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New Admission Program to Cast a Long Shadow

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Mount Holyoke College News and Events Vista The College Street Journal Archives

November 9, 2001

New Admission Program to Cast a Long Shadow

Casting about for new ways to shed light on MHC and its students, the admission office has decided to use shadows—Shadow Days, that is. High school juniors and seniors participating in focus groups told admission that they "wanted to view prospective colleges in an up close and personal way," says Dean of Admission Diane Anci. "They were quite suspicious of too much scripting." With the students' suggestions in mind, Anci and her team developed Shadow Days, an unstructured visitation program that stresses spontaneous student-to-student experiences—a departure from the College's more formal programs such as Preview and Spotlight.

On Shadow Days, prospective students "shadow" MHC students for a day. The first Shadow Day was in October; another is planned for November 12. By pairing up with an MHC host to attend classes, meetings, meals, and sporting events; observe a lab; bump into friends; study in the library; or lounge on the green, prospective students get a sense of how a typical day at the College might unfold. Shadow Day participant Carly Pulver certainly packed many different experiences into her day on campus. Says Pulver, "I talked to the head of the international relations program, who gave me helpful information. My host, [Hannah Knapp '02], was great. Since we are both into French and she went abroad, something I plan on doing, she could really tell me what to expect from the school and the major. . . . I think we connected, and I liked meeting her friends too. We went to her dorm room, a French class, and a women's studies class. The women's studies class was the best part. I could picture myself being in that class, and I even participated. We went to lunch, the admission office, and the sports building. We walked the campus, toured the library and the theater, went to the Village Commons for ‘happy cows,' then walked the paths around the lakes."

Lest the Shadow Day program feel too constricted, prospective students are given the option of striking out on their own for part of the day, pursuing their interests on their schedule. "We control the experience only by using questionnaires to match the academic and cocurricular interests of prospective students and MHC hosts," says Anci. "And, as we do for the Spotlight program, we offer parents the structured program of tours, admission information, and financial aid discussions we know they enjoy."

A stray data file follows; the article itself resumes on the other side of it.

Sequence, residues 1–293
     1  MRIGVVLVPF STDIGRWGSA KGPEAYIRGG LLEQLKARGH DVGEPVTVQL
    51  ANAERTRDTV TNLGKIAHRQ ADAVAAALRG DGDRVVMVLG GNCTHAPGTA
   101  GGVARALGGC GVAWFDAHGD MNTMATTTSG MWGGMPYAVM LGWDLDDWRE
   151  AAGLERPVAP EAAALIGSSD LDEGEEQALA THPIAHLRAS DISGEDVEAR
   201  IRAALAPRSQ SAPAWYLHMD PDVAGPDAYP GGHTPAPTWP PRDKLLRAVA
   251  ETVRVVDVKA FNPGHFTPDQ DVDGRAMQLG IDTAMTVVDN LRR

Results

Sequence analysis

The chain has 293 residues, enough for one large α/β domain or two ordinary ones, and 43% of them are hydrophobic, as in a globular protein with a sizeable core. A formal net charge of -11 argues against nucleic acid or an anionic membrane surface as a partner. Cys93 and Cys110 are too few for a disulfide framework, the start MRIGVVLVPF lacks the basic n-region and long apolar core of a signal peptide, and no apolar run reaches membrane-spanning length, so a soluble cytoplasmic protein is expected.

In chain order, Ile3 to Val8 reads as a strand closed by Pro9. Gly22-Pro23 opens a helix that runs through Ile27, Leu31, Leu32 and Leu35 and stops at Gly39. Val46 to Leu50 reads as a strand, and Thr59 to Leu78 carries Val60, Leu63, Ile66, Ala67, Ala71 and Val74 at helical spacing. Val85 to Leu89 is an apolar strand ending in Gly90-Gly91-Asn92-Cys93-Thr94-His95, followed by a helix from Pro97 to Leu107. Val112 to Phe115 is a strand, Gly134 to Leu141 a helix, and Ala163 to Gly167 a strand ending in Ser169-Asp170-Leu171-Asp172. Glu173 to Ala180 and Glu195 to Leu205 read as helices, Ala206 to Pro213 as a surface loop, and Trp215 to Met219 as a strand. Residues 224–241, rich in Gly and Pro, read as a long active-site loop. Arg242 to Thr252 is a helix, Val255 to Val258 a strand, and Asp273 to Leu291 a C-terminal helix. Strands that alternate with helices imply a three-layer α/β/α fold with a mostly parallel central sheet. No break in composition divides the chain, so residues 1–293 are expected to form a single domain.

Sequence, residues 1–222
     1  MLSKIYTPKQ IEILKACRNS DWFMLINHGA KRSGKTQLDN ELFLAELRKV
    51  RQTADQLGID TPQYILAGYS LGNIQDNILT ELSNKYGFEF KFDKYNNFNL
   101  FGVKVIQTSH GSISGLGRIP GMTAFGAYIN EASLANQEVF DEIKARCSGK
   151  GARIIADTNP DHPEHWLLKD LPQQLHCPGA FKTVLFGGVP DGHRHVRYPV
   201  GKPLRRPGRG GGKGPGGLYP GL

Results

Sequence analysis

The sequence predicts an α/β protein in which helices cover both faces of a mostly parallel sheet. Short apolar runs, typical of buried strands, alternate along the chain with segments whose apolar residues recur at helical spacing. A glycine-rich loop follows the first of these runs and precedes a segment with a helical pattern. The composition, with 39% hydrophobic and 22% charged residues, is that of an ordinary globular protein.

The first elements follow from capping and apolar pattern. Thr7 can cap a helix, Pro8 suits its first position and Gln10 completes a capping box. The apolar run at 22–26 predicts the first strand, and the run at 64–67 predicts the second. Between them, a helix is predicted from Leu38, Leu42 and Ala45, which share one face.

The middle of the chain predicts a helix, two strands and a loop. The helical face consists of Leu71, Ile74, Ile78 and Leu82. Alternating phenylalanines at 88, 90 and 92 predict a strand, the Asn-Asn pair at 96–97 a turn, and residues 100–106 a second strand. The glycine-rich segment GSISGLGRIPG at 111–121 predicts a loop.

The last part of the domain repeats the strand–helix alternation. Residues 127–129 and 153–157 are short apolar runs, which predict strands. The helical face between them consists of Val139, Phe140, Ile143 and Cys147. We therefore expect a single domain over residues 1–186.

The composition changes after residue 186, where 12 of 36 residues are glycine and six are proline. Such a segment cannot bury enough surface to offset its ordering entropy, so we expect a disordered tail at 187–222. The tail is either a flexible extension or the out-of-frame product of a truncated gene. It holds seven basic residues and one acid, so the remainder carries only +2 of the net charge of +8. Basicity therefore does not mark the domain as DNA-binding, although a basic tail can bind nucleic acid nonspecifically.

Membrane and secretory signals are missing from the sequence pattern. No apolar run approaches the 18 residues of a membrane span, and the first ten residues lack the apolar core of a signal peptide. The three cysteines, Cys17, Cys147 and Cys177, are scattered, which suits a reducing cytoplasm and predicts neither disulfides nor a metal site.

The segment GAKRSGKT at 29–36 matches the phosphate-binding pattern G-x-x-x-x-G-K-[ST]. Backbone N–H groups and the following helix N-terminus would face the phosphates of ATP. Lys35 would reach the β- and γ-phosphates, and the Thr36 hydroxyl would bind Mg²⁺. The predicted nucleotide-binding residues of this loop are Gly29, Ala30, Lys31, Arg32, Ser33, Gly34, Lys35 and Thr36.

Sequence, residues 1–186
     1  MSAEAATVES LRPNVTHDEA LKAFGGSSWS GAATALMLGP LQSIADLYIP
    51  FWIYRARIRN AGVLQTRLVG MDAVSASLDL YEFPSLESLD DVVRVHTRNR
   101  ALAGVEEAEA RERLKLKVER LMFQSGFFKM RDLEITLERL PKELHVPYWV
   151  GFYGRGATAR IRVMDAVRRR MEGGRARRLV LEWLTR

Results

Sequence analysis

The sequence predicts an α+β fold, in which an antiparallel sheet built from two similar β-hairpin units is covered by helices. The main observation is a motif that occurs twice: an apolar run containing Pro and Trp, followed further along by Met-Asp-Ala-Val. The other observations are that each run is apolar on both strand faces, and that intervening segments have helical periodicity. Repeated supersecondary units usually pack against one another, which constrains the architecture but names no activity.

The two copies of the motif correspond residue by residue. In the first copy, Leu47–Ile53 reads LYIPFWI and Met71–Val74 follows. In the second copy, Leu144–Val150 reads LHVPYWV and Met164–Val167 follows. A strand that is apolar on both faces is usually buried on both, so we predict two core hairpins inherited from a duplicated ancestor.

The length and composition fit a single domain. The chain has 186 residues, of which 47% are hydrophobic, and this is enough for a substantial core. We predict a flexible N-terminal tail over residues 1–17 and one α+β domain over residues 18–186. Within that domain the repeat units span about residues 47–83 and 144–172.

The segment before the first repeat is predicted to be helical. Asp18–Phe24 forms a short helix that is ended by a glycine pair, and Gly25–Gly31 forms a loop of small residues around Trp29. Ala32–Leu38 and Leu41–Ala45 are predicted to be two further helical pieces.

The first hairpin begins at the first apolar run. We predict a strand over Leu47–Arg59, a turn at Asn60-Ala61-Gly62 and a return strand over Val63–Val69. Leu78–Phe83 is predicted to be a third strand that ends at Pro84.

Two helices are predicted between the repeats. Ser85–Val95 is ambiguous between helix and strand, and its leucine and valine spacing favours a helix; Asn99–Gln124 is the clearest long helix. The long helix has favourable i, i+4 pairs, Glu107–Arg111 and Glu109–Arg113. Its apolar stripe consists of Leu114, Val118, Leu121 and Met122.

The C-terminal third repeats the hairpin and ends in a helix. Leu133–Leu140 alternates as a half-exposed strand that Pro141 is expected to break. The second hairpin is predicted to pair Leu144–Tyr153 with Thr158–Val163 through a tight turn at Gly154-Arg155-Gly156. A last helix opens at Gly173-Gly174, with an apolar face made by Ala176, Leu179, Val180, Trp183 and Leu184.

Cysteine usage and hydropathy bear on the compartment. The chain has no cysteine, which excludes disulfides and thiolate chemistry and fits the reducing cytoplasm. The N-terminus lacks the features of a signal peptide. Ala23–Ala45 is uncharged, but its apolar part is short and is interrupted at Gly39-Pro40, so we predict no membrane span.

"Creating programs such as Shadow Days is consistent with our overall recruitment philosophy," says Jane Brown, vice president for enrollment and College relations. "We regularly adjust our programming to meet the individual needs of our prospective students; what remains constant is our goal to communicate Mount Holyoke's key themes and messages." In addition to its more structured programs—Spotlight, a daylong open house for high school seniors and their parents, and Explore, a half-day program for juniors and their parents—admission offers a number of events that focus on particular MHC programs and facilities.

Athletes, for instance, often want to meet with coaches and athletes or to observe practices and games and to spend time in Kendall Sports Complex. They can do so during two Focus on Athletics programs. Serious riders who want to see every bit of MHC's world-class equestrian center feel right at home at the equestrian open house. ALANA (African American, Latina, Asian American, and Native American) students interested in the multicultural resources on campus can explore those in-depth at Senior ALANA Spotlight, an extension of the daylong Senior Spotlight program. Potential transfer students, often concerned about transfer credits and advising, find credit-evaluation sessions and current transfer students at the transfer open house. There is even Counselor Weekend, a program for high school guidance counselors, the people who are instrumental in guiding students through the college application process.

"General campus visits cannot fully accommodate everyone's special interests, such as those of athletes, transfer students, and ALANA students," says Anci. "Our special-event schedule is designed to respond to students' specific needs and questions. By doing this, we give students a highly personalized experience." With a record number of applications three years running, this one-size-does-not-fit-all approach to recruitment seems to be working—beyond a shadow of a doubt.

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Copyright © 2001 Mount Holyoke College. This page created by Office of Communications and maintained by Don St. John. Last modified on November 9, 2001.

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